MATRIX: Describe how the 4°C pipeline flows once you get past the storyboards.

AKIKO-SAN: The actual process can be different for each cut, but my basic job when I get the storyboards is to have a lot of meetings with the director and the art director to work out all the details of each shot. In live action filming you’d call it an effects break down. Because most of the work they do here is hand drawn animation, I do another pass asking “Is CGI going to lead this shot, or is hand drawn animation going to lead this shot?” Every shot is going to have some components of both, but you can prioritize each shot in terms of whether hand drawn elements are the main part of it, or whether the computer graphics elements are the main part. Then I start working with my team in the computer graphics group to actually assign shots to each person on the team. I’ll often do a lot of shots myself. The director and I work pretty closely together and throughout the course of the production I have to make sure that all the shots match the visual style of the piece, and are consistent with the director’s wishes.

MATRIX: How large is your team?

AKIKO-SAN: On SECOND RENAISSANCE I had three people working for me at Studio 4°C, and four people working outside at another company.

MATRIX: Proportionally, how much of SECOND RENAISSANCE is CGI?

AKIKO-SAN: At some point, every shot goes digital — whether it’s just ink and paint or a composite, it’s a hundred percent digital by the time I’m finished with it. But in terms of the actual use of 3-D computer graphics, on SECOND RENAISSANCE, about 40-45%.

MATRIX: So you’re not only in charge of every shot using 3-D software, but also oversee turning analog images into digital?

AKIKO-SAN: That’s right.

MATRIX: What were some of your favorite shots?

AKIKO-SAN: The parts I enjoyed the most were those when I didn’t have other people doing the work. Where I could get my hands on the material and lay out shots myself and plan everything, and get much more involved in the making of the images. In particular, I really enjoyed the scene in the car factory where the robots are manufacturing parts. I laid out the whole shot, planned it, and modeled the robots, as well as animated them. I also worked on some of the big background scenes, where you descend into the battlefield on a big 3-D crane for a couple of shots, and move around in the trenches.

MATRIX: How would you compare working on a mostly non-digital project like Spriggan, to THE ANIMATRIX?

AKIKO-SAN: The software I use has progressed quite a bit since I did Spriggan, so a lot of things the director asked me to do on Spriggan I couldn’t, because the software wasn’t there, or the staff wasn’t qualified to do it. On this project, I’ve actually been able to do everything asked of me; with technology having advanced quite a bit, there’s a greater sense of freedom on these ANIMATRIX shorts.

MATRIX: Was it any trickier because of the nature of SECOND RENAISSANCE?

AKIKO-SAN: It wasn’t so much a matter of there being so many shots or so many sequences, but one of the things that was difficult about this project — and it’s actually something you could say about all animation projects — was making both sides of the relationship, between the traditional animation set and the computer graphics staff, work smoothly. I had to work very closely with both the CGI and cel animation teams. As it happened, on THE ANIMATRIX there were a lot of first time computer graphics people who weren’t accustomed to dealing with cel animators, as well as some cel animators who weren’t used to creating shots that involved a lot of computer graphics. It was one of the challenges on this job to become the ambassador to both of those worlds.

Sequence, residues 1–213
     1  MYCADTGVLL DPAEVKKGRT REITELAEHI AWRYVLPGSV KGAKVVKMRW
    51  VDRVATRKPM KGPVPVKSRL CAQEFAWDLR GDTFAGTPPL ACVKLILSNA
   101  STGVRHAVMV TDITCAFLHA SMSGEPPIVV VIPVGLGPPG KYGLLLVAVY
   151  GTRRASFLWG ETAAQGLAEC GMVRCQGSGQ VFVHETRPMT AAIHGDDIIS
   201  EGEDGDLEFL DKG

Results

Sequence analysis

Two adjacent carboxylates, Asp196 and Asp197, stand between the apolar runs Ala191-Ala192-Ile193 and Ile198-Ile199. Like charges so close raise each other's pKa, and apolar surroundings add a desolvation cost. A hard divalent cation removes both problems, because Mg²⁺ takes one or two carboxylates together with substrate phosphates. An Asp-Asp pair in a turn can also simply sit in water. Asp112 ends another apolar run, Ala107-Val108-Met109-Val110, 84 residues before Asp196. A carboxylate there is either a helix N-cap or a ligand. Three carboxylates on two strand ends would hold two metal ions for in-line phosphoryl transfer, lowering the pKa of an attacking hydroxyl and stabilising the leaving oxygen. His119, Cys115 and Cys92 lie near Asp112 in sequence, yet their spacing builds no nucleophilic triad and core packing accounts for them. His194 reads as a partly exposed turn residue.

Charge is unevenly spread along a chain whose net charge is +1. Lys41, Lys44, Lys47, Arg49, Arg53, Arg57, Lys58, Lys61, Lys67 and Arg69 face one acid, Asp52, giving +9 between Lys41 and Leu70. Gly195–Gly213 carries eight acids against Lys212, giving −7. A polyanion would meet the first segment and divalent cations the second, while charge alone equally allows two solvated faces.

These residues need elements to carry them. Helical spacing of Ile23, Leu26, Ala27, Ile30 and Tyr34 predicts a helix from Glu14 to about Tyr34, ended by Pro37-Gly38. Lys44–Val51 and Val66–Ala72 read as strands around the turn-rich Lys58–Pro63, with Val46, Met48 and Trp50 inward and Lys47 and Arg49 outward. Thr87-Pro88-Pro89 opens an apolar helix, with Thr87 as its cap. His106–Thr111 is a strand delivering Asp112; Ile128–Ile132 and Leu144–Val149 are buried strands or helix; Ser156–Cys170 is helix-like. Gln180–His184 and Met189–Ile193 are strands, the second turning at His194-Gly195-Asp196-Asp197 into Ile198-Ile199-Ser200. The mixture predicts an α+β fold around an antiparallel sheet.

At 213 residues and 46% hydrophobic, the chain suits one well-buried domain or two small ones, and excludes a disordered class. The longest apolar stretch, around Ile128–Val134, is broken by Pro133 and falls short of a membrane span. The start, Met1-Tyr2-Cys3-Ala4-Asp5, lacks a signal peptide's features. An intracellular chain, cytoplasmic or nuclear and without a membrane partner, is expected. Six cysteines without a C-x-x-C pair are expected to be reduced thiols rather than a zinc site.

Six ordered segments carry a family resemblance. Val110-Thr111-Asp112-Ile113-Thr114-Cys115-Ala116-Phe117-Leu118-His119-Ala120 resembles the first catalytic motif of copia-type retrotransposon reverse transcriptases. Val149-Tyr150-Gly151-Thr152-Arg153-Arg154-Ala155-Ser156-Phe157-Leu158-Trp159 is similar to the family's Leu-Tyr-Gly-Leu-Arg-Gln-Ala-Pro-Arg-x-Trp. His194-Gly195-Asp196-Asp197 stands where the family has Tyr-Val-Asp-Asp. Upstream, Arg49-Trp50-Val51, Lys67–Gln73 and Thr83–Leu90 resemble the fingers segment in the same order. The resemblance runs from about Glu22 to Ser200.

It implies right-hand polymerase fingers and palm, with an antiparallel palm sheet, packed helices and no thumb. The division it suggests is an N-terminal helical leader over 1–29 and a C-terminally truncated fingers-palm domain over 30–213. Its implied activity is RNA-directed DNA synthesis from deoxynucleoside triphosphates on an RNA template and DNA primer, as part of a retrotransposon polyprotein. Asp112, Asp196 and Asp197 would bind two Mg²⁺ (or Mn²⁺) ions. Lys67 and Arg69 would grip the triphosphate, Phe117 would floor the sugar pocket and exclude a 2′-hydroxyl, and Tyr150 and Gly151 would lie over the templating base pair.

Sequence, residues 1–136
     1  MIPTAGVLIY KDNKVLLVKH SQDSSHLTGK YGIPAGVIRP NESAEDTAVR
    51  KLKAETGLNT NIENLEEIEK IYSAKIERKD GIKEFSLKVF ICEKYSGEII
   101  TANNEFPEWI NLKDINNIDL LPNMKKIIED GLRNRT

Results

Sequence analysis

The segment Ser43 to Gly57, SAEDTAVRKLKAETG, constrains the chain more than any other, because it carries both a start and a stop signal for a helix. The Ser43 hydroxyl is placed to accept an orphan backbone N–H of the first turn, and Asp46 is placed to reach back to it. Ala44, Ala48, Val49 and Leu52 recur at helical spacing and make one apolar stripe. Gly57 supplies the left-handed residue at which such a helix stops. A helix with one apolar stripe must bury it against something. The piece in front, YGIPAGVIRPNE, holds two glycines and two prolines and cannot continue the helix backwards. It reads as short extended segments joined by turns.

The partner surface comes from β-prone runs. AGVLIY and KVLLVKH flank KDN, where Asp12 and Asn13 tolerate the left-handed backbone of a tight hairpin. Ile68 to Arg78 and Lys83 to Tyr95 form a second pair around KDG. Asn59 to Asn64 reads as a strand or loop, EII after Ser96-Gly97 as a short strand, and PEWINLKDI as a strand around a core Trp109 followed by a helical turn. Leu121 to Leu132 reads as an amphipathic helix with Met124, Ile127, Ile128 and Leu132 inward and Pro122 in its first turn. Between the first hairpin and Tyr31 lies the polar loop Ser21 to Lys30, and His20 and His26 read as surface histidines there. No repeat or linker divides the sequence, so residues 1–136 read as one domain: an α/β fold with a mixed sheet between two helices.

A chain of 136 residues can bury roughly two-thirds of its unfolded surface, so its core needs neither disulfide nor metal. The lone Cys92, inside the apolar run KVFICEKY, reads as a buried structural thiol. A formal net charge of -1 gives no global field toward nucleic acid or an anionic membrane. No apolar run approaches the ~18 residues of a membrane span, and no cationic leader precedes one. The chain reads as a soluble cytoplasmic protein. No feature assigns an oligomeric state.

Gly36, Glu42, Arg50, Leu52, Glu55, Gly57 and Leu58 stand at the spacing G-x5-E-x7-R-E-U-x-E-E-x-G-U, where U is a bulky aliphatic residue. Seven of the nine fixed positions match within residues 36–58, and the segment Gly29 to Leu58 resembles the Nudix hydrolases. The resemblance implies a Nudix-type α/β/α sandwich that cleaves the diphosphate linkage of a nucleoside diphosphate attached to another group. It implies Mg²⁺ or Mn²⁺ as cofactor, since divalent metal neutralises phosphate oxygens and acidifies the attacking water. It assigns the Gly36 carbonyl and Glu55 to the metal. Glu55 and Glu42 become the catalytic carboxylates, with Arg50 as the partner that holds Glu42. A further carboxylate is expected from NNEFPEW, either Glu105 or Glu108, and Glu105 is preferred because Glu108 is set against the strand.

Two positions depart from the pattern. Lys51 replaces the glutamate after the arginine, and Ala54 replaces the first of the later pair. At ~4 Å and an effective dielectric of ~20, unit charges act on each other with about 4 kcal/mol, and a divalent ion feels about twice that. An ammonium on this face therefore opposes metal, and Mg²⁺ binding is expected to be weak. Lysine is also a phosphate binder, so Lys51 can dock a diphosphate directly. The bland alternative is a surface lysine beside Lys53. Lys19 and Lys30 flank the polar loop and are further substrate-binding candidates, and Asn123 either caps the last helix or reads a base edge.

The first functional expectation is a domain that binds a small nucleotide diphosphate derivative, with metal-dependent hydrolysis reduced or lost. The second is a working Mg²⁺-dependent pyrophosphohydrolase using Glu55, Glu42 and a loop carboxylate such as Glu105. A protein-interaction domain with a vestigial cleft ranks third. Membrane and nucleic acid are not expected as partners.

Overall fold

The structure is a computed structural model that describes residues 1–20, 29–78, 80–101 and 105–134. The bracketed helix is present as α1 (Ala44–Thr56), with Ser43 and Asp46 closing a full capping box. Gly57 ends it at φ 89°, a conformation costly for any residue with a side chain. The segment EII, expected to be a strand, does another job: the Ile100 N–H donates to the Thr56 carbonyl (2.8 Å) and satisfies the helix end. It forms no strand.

MATRIX: Could you describe the process of going from analog to digital with the hand drawn art.

AKIKO-SAN: One thing is that, unlike traditional cel animation where a cel animator or supervisor will look at a storyboard and, based on that, do a hand drawn layout, sub-dividing that into various hand drawn elements, a lot of the shots I deal with start at the same place — the storyboards — but I’ll actually do a 3-D layout. With the camera in motion, I’ll decide at that stage which elements, 2-D and 3-D, to use. So I have a very different outlook on how 2-D and 3-D elements mingle. Obviously there are some things that work better hand drawn, and some things where there’ll be a lot of time saved for them to be done in 3-D; based on those time considerations, I’ll often request hand drawn elements from the staff of cel animators, and integrate those into something that’s already three dimensional. It’s very different from traditional cel animation, where it’s all hand drawn and all the pieces are fitting together by way of a hand drawn layout. In this, everything starts in 3-D and then some elements become hand drawn, and other elements, like some of the characters and backgrounds, end up staying three dimensional.

MATRIX: How would you describe SECOND RENAISSANCE to someone who hasn’t seen it?

AKIKO-SAN: SECOND RENAISSANCE is basically a history tale, rather than a story centered on characters. It’s a little different from a traditional story, but it makes up for that in its scale and the scope of its visuals. That’s something I’ve kept in mind while I’ve been doing the digital parts of the production, how to really open the story up, either through using 3-D elements, or using 3-D backgrounds, and to really try and push the scale.

MATRIX: Touching on the freedom that you mentioned before, where did you draw some of your inspiration from?

AKIKO-SAN: I have a hard time putting my finger on any particular thing or image that was more influential, or important, than anything else. One thing, in retrospect, is that I wish I’d realized how much freedom I had a little earlier. I regret not having tried a few more experiments at the outset, and not having realized Maeda-san was waiting for me to suggest some new techniques until fairly late in the process. Had I figured that out earlier, I might have gone further out on a limb and tried to push the 3-D images even farther.

MATRIX: What was your reaction to seeing the final picture?

AKIKO-SAN: All things considered, I was pretty satisfied with it.

MATRIX: Thank you, Akiko-san.

Interview by REDPILL

 

Translated by Mike Arias

July 2002